There is a scene in the film where they are celebrating Yom Kippur and they are fasting. What role do you think their religious observance played in their ability to endure this experience?
I think that if they were celebrating the holidays, faith mattered. And I think faith was a representation of their culture and their heritage. As a group, they were singled out for annihilation for their culture and their history and their religion and their ethnicity. So the celebration of who they were as Jews was essentially beating Hitler, and saying, we are these people, and as a community, that is who we are, and we will share that experience together. So I think faith, for them, had a lot of levels to it, which was a lot about community and history and belief in that community and history. “But not hard to fast!” as Saul would say. [laughs]

I found that part amazing. The idea of Yom Kippur is to deny yourself so that you can focus on the heart of the matter, and here they are in the ultimate state of denying themselves, and scarcity, and still they’re going to do this as well.
I think Sonia, actually, has such lovely memories. She remembers her father’s voice. He had a really beautiful voice, like a cantor, and that some people were crying. Obviously, it was really difficult for them in terms of reconciling faith with what was happening — but she just remembers her father’s beautiful voice. Singing and the prayers.

As the film shows, some of the family members tried to stay in the Ukraine after the war but had to leave because of continuing violence against Jews. Was it especially bad in the Ukraine for Jewish people after the war?
I think it was really terrible in the Ukraine. Particularly there, in that the Russians came in; there were a group of Ukrainian partisans called the Bandera that were fighting the Russians, because the Ukraine had been this fought-over land between the Poles and the Russians — and then, obviously, the Germans and the Russians. It is not a pretty picture of what happened in Ukraine during the war, with collaboration with the Germans. Jews continued to be singled out and killed, so the family realized that they were not safe, and they moved to Poland. It was actually where they were living before the war, but it was eastern Poland. They moved to western Poland [from] the Ukraine, and it was also still not good for Jews. Then they moved to DP camps — displaced persons camps — in Germany, and Sam will tell you the great irony after the war was the safest place in Europe to be a Jew was Germany.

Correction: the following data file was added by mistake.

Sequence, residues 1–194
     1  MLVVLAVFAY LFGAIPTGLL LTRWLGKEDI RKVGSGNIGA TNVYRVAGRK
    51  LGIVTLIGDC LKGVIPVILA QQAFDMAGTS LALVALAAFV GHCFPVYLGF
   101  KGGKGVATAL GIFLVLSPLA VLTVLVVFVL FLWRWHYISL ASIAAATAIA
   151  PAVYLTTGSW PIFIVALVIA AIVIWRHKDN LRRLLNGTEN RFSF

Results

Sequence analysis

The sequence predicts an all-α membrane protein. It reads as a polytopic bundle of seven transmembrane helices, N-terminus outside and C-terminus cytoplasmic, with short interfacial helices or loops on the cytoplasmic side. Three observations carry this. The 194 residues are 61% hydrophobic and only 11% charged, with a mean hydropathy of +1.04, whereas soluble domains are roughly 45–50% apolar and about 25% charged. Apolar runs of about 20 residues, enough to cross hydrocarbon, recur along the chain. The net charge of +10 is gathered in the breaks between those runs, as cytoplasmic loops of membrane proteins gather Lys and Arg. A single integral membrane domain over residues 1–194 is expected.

There’s an idea that the sun came out after the war, but it seems like there was still a lot of hatred and intolerance.
It gets quite specific, and they will tell you in a province where less than five percent of the Jews survived, [that] their belongings had been taken [and] people [did not want] to give belongings back. This is truly a story of triumph and not defeat for the family coming out of the cave, [but] I found the heartbreaking part [to be] after the war. After surviving 511 days underground and after the Germans had lost the war, that you wouldn’t be safe. It just seems unimaginable.

How did the experience of making this film change the way you look at your own life?